You are reading this article because you are not sure that you may have to provide language access services for your patients, right?
You are not the only one, as this is very important topic that is often clouded in confusion. To provide an expert answer, I reached out to the National Health Law Program (NHeLP) for assistance.
The staff at NHeLP did a great job clarifying the requirements for us in very simple terms.
Language access services are generally provided with the help of professional interpreters and translators.
For the purpose of this article, I will assume that you are a health care provider fitting one of the following four categories:
1. You provide language access services for your patients, but are unsure if you are required to do so.
2. You don’t provide language access services for your patients, but understand you may be required to do so.
3. You didn’t provide language access services for a patient and are being threatened with legal action.
4. A law suit has been filed against your practice for failure to provide language access services by, or on behalf, of the patient.
Regardless of which category fits you, the information below should help clarify your responsibility to provide language access services for your patients.
Unless of course you fall into category 4. If that’s the case, contact your attorney as soon as possible.
Are hospitals required to provide language access services?
Here is why.
Under Title VI of the Civil Rights Act of 1964, discrimination on the basis of race, color or national origin is prohibited.
Therefore, health care providers, including hospitals, that receive federal funding, including Medicare, Medicaid and SCHIP, are required to provide language access services for their patients.
What if health care providers opt out of federal funding?
When federal funds are not in question, health care providers may not be subject to Title VI requirements. However, there may be state laws that require you to provide language access services.
Can health care providers bill the patient for language access services?
If you are receiving federal funding, you are required to cover interpreter costs for all your limited English proficient (LEP) patients, including those with private insurance and no insurance.
State laws may also prohibit you from billing your patients for language access services.
What health care entities are covered under Title VI?
The entities covered by Title VI include hospitals, doctor’s offices, nursing homes, managed care organizations, state Medicaid agencies, home health agencies, health service providers and social service organizations.
How can health care organizations provide language access services to patients?
Health care providers may choose to hire staff interpreters as employees to interpret the most frequently requested languages. Many health care providers typically contract with language service companies to provide language access services.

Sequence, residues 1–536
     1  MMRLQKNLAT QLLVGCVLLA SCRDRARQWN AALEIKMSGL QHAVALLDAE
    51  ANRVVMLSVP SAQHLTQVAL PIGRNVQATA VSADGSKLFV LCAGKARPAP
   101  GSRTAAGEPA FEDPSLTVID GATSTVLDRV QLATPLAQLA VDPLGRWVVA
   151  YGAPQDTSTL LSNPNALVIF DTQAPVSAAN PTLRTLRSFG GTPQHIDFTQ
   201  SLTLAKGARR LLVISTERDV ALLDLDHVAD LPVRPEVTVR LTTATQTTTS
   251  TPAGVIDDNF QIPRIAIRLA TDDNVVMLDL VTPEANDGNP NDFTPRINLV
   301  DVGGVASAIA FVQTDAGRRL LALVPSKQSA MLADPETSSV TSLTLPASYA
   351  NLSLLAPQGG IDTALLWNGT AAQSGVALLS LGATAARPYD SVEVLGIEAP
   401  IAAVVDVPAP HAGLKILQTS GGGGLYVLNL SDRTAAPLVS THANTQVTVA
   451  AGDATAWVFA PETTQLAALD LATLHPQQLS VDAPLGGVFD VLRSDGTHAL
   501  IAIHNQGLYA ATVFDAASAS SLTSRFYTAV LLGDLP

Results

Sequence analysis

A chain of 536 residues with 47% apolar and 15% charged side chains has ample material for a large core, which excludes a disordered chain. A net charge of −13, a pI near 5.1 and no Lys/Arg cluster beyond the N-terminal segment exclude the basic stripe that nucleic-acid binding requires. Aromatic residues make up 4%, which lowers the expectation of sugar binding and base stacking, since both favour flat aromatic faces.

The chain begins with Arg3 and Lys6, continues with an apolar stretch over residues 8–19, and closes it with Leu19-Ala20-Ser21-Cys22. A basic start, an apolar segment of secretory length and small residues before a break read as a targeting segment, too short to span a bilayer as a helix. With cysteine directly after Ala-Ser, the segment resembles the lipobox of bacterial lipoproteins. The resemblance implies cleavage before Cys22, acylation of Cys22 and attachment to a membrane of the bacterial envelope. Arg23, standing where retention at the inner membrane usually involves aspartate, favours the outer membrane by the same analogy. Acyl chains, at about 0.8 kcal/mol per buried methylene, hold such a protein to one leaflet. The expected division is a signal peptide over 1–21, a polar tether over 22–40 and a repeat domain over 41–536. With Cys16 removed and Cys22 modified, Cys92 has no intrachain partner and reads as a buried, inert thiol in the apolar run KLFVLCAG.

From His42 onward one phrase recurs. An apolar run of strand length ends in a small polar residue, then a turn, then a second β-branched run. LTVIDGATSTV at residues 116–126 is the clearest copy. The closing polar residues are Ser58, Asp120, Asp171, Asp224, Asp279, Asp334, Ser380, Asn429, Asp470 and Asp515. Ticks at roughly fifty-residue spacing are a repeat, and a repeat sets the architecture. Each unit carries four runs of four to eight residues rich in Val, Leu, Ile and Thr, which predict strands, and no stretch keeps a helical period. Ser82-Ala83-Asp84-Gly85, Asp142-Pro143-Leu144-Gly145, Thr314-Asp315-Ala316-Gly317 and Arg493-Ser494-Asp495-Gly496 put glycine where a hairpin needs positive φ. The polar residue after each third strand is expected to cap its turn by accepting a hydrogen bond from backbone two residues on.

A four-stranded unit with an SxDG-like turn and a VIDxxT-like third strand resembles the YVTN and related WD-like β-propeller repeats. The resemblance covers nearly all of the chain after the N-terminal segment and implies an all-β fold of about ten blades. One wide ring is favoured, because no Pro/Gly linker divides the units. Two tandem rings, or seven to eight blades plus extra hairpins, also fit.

A language services company can greatly streamline the process by providing scheduling, quality assurance, billing and project management.
What types of language access services should health care providers have readily available to patients?
At a minimum, it is recommended that all health care providers be able to provide on-site interpretation, over-the-phone interpretation and document translation services.
Can health providers use family members, friends or bi-lingual staff to interpret for patients?
It is strongly advised against using family members, friends or bi-lingual staff members to interpret for patients. You could risk malpractice, the cost of which would far outweigh any money you might save by asking friends or family members to help.
In fact, your legal fees in dealing with just one malpractice lawsuit could potentially cover your language access services budget for several years to come.
What about written translation services for patient communication?
According to U.S. Department of Health and Human Services Office for Civil Rights, various types of documents may require translation from English into other languages. Some of the documents include patient forms, discharge instructions and information about the availability of interpreter services.
Learn about the 7 most common document types all health care providers should have translated.
I’d like more information on developing a Language Access Plan for our health care organization.
For more information, check out these publications:
- What’s in a Word: A Guide to Understanding Interpreting and Translation in Health Care (full Guide)
- Compliance Review Initiative: Advancing Effective Communication In Critical Access Hospitals
Like this Article?
Dozens of law suits are filed every year against health care facilities for failing to provide language access services.
My advice to you is to set aside a budget for language access services and deliver the best patient experience you can. It will cost you less in the long run.
Share your questions, thoughts and experiences in the comments.
This article was originally published on July 8, 2011 and has been updated on February 8, 2016.